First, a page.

In 1972, with the enactment of the Marine Protection, Research, and Sanctuaries Act, the Secretary of the Army, acting through the Chief of Engineers, was authorized to issue permits for the transportation of dredged material to be dumped in the ocean. Disposal sites for such discharges are selected in accordance with criteria developed by EPA in consultation with the Secretary of the Army.

Department of the Navy (Oceanographer of the Navy)

Established in 1842 as a part of the permanent building for the Navy's Depot of Charts and Instruments as authorized by the passage of Bill No. 303 of the 27th Congress, the Oceanographer of the Navy maintained all charts and records of Department of the Navy. The Depot was renamed The U.S. Naval Observatory and Hydrographic Office in 1854. The Committee maintains jurisdiction over the Oceanographer of the Navy insofar as the maintenance of charts and records.


The Department of Energy, in partnership with its customers, is entrusted to contribute to the welfare of the Nation by providing the technical information and the

leadership necessary to achieve efficiency in energy use, diversity in energy sources, a more productive and competitive economy, improved environmental quality, and a secure national defense.

The Department of Energy (DOE) was established by the Department of Energy Organization Act (42 U.S.C. 7131), effective October 1, 1977, pursuant to Executive Order 12009 of September 13, 1977. The act consolidated the major Federal energy functions into one Cabinet-level Department.

Power Administrations

The marketing and transmission of electricity generated at federal facilities falls under the Power Administrations

Alaska Power Administration

Established under the Flood Control Act of 1944 (Public Law 78-534)(42 U.S.C. 7152). This Act formed the basis for the later creation of the Southeastern Power Administration (SEPA) a in 1950 to sell power produced by the U.S. Army Corps of Engineers in the Southeast; and the Alaska Power Administration (APA) in 1967 to both operate and market power from two hydroelectric plants in Alaska: the Eklutna Project and the Snettisham Project.

Bonneville Power Administration:

Established under the Bonneville Project Act of 1937, P.L. 75-329 (16 U.S.C. 832). The Bonneville Power Administration (BPA), is accountable for the transmission and marketing of power produced at Federal dams in the Northwest, with the original purpose of selling the power generated by the Bonneville Dam. Today, BPA supplies roughly half of the electricity used in the Northwest. The power comes primarily from 29 federal dams, and is the result of international development of the Columbia River for multiple purposes. BPA is also responsible for energy conservation, renewable resource development, and fish and wildlife enhancement under the provisions of the Pacific Northwest Electric Power Planning and Conservation Act of 1980 (16 U.S.C. 839 note).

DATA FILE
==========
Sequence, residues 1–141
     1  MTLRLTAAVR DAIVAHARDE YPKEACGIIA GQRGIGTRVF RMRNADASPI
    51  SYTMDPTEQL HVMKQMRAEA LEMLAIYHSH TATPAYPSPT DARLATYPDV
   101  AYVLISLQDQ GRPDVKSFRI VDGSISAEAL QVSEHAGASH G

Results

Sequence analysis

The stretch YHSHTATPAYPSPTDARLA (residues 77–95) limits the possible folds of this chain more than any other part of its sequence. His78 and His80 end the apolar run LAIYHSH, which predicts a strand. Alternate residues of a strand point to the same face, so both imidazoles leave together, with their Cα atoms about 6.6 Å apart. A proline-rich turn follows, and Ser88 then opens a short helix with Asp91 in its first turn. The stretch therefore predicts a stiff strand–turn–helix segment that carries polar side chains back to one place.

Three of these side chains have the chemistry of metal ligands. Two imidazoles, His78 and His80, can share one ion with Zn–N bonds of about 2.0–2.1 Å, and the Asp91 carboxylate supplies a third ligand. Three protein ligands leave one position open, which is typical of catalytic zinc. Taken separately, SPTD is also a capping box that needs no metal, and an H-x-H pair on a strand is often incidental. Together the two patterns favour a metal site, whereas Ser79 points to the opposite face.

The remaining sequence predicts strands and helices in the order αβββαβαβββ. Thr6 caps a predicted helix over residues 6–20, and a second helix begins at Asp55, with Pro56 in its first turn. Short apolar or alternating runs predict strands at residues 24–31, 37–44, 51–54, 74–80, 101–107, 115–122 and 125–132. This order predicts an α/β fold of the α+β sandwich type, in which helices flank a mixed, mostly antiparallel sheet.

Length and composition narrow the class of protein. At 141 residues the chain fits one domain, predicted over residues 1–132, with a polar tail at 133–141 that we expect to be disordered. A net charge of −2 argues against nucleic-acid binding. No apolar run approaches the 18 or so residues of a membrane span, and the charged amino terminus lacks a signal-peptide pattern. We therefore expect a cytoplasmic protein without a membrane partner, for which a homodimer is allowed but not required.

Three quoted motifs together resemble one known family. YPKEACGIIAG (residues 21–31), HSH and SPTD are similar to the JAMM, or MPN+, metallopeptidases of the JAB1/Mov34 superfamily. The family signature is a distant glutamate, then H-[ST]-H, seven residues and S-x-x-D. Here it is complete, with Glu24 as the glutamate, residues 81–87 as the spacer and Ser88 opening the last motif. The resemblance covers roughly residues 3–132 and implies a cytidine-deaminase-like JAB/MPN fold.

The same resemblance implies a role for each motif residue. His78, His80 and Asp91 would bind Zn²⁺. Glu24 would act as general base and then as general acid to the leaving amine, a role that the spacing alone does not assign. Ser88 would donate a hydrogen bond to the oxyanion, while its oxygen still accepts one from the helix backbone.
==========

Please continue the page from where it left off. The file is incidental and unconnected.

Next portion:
Southeastern Power Administration:

Established under the Flood Control Act of 1944, P.L. 78-534. This Act formed the basis for the later creation of the Southeastern Power Administration (SEPA) in 1950 to sell power produced by the U.S. Army Corps of Engineers in the Southeast 1950 by the Secretary of the Interior to carry out the functions assigned to the Secretary by the Flood Control Act of 1944. In 1977, Southeastern was transferred to the newly created Department of Energy. SEPA has the responsibility to market the electric power and energy generated at reservoirs operated by the U.S. Army Corps of Engineers in markets power in West Virginia, Virginia, North Carolina, South Carolina, Georgia, Florida, Alabama, Mississippi, Tennessee, and Kentucky. SEPA is unique from the other marketing authorities because it does not own any transmission lines.

Southwestern Power Administration

agency is responsible for marketing the hydroelectric power produced at 23 U.S. Army Corps of Engineers multipurpose dams. By law, the power and associated energy are marketed to publicly held entities such as rural electric cooperatives and municipal utilities. Southwestern has over one hundred such “preference” customers which ultimately serve over 7 million end use customers. SWPA transmits energy to the States of Arkansas, Kansas, Louisiana, Missouri, Oklahoma, and Texas.

Western Power Administration

Established under the DOE Organization Act of 1977 P.L. 95-91 (42 U.S.C. 7101). This Act transferred power marketing responsibilities and transmission assets previously managed by the Bureau of Reclamation to Western Area Power Administration (WAPA). WAPA's authority was extended through the Hoover Power Plant Act of 1984, P.L. 98-381. WAPA sells power to cooperatives, municipalities, public utility districts, private utilities, Federal and State agencies, and irrigation districts. The wholesale power customers, in turn, provide service to millions of retail consumers in the States of Arizona, California, Colorado, lowa, Kansas, Minnesota, Montana, Nebraska, Nevada, New Mexico, North Dakota, South Dakota, Texas, Utah, and Wyoming.